A suspect case is defined as the combination of symptoms and possible exposure. Currently, the gold standard test is a real-time polymerase chain reaction (RT-PCR) on respiratory samples (throat swab/ nasopharyngeal swab/ sputum), with test sensitivity estimated between 56–83%.[15] Elderly patients or those with comorbidities including diabetes, hypertension, obesity, or cardiovascular disease are at higher risk for morbidity and mortality. In a retrospective cohort, Garg et al[16] analyzed 14 US states in March 2020 and found a total of 48 hospitalized patients aged between 18 and 49 years old due to COVID-19. In this younger population, the most common comorbidities were obesity (59%), chronic pulmonary disease (36.4%), chronic metabolic disease (21.7%), and hypertension (17.5%). There were also 3 (9.9%) pregnant patients.[16]


#

Physiological Predisposition to Infection in Pregnancy

Unique physiological changes occur in the maternal body to allow for a healthy pregnancy. Immunologically, there are three stages in pregnancy: in the 1st trimester, there is a complex proinflammatory chain that ensures the adequate trophoblastic invasion with no recognition of the paternal antigen; in the 2nd stage (13 to 27 weeks), an anti-inflammatory response is necessary for adequate fetal growth and to prevent spontaneous initiation of labor; then, in the 3rd trimester, the stimulus shifts back to a proinflammatory state for delivery. Each of these stages is a fine equilibrium that can be broken by viral infections, leading to maternal and fetal complications.[17] In theory, during the proinflammatory stages, pregnant patients would be more prone to develop cytokine storm, which is an indicator of severity in SARS-CoV-2 infection.[5] The pulmonary physiology during pregnancy suffers hormonal and functional changes that make pregnant women less tolerant to hypoxia. From the beginning of pregnancy, the levels of progesterone act on the brainstem increasing the respiratory rate and the tidal volume, the chest wall compliance decreases and so does airway resistance.[18] In the last trimester, the uterus restricts the diaphragm, which lowers the total lung capacity.[19] These respiratory adaptations associated with the immunological changes place pregnant patients at risk of developing more severe respiratory infections, as previously seen in influenza infections.[20] The hypoxemia that arises from a pulmonary infection can lead to vasoconstriction and intrauterine growth restriction (IUGR).[21]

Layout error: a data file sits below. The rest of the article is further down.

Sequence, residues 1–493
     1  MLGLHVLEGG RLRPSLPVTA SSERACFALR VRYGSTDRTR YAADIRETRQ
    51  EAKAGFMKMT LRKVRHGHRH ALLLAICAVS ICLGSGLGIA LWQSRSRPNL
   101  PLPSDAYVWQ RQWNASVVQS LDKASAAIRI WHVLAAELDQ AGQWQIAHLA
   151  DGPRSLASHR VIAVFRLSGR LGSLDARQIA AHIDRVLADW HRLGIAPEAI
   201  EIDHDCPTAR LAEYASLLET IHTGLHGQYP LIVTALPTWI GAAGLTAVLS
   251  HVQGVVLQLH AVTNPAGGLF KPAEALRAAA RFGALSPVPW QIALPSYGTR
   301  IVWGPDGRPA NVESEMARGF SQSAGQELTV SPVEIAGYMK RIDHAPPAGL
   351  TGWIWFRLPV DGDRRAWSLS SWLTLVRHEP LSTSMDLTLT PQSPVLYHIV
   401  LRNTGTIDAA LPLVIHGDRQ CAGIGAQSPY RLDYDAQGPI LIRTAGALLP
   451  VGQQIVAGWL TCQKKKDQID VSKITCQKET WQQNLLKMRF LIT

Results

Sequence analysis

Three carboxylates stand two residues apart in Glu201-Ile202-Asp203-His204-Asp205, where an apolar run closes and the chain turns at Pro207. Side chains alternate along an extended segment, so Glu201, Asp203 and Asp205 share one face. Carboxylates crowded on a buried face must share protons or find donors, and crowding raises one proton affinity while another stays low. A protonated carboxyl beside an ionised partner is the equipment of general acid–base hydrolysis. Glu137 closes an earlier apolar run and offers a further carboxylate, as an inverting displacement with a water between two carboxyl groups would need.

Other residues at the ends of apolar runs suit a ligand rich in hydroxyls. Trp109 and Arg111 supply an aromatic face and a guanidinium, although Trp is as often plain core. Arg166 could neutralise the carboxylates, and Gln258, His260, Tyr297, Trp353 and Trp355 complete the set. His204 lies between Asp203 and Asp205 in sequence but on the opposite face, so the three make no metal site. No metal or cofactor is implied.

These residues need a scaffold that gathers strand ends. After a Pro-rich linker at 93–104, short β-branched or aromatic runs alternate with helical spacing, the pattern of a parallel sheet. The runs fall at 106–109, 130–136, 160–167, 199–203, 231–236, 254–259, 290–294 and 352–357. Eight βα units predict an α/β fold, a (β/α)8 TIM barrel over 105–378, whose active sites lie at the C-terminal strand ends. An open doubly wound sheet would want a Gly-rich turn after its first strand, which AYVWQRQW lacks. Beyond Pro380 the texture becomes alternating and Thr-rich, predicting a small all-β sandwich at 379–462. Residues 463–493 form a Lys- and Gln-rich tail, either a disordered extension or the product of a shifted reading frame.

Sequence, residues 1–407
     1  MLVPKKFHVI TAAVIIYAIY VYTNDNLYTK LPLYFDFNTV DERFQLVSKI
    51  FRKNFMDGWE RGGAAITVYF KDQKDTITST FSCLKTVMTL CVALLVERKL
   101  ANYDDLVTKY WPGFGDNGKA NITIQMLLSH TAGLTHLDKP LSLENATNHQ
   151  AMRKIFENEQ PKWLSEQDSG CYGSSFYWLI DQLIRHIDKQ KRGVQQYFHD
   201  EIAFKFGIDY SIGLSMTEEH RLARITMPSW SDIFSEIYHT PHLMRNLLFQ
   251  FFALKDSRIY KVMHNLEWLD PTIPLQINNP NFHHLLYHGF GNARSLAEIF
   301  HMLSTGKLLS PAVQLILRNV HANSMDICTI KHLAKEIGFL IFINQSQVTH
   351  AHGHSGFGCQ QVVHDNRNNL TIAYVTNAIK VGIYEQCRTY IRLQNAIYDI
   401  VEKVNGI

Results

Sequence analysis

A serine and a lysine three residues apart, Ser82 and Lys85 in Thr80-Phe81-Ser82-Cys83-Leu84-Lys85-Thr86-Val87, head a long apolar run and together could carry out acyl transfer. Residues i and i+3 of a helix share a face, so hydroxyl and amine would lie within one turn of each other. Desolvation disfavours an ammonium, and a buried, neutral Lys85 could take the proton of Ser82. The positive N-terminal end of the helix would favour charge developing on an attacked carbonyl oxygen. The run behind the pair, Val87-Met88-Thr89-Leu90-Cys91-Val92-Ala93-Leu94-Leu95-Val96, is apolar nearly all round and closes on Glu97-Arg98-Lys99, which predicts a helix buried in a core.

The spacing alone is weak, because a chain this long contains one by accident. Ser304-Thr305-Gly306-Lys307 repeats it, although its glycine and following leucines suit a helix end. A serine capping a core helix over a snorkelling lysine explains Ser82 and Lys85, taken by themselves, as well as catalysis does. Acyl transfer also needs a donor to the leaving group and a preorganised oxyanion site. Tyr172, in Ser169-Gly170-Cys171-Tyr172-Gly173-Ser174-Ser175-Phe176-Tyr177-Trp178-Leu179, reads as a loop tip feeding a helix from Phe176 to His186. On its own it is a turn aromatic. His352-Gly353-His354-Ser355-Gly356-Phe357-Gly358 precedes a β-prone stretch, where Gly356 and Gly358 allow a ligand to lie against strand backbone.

#

Experience with Previous Coronaviruses during Pregnancy

There were two previous outbreaks of viruses from the Coronaviridae family: MERS and SARS. With little information available on SARS-CoV-2, specialists initially turned to these earlier experiences as a source of comparable data. The MERS outbreak in April 2012 lead to 2,494 confirmed cases and was responsible for 858 deaths.[22] The mortality rate was 20% amongst the population < 60 years old. Even though it belongs to the same family as SARS-CoV-2, this virus binds to a different receptor Dipeptidyl peptidase-4 (DPP4) in the alveolar cells and shares only 50% of the SARS CoV-2 genome.[23] In a retrospective study conducted in Saudi Arabia with 660 patients, there were only 11 cases of infection during pregnancy.[24] Seven (64%) of these were admitted in the ICU, there were 3 (27%) maternal deaths and 3 (27%) stillbirths; there was no evidence of vertical transmission.[24] The SARS outbreak in 2003 infected > 8,000 people and lead to 919 deaths.[25] This virus is more similar to SARS-CoV-2, sharing 80% of its genome and the same ACE-2 receptor for cell entry, although it binds with 20 times less affinity. To date, the pathophysiology is described as very similar to SARS-CoV-2, but the mortality rate was higher (11%). The pregnant population was particularly susceptible to severe forms of the disease.[26] Wong et al[27] reported on 12 cases of pregnant women in several hospitals in southern China with SARS. Seven were infected in the 1st trimester, of which 4 had miscarriages (57%). The other 5 were infected between weeks 26 to 32; 4 had preterm births (80%) and two had fetal growth restriction (40%), there was no evidence of vertical transmission.[27]


#

SARS-CoV-2 Impacts on Pregnancy: Reported Cases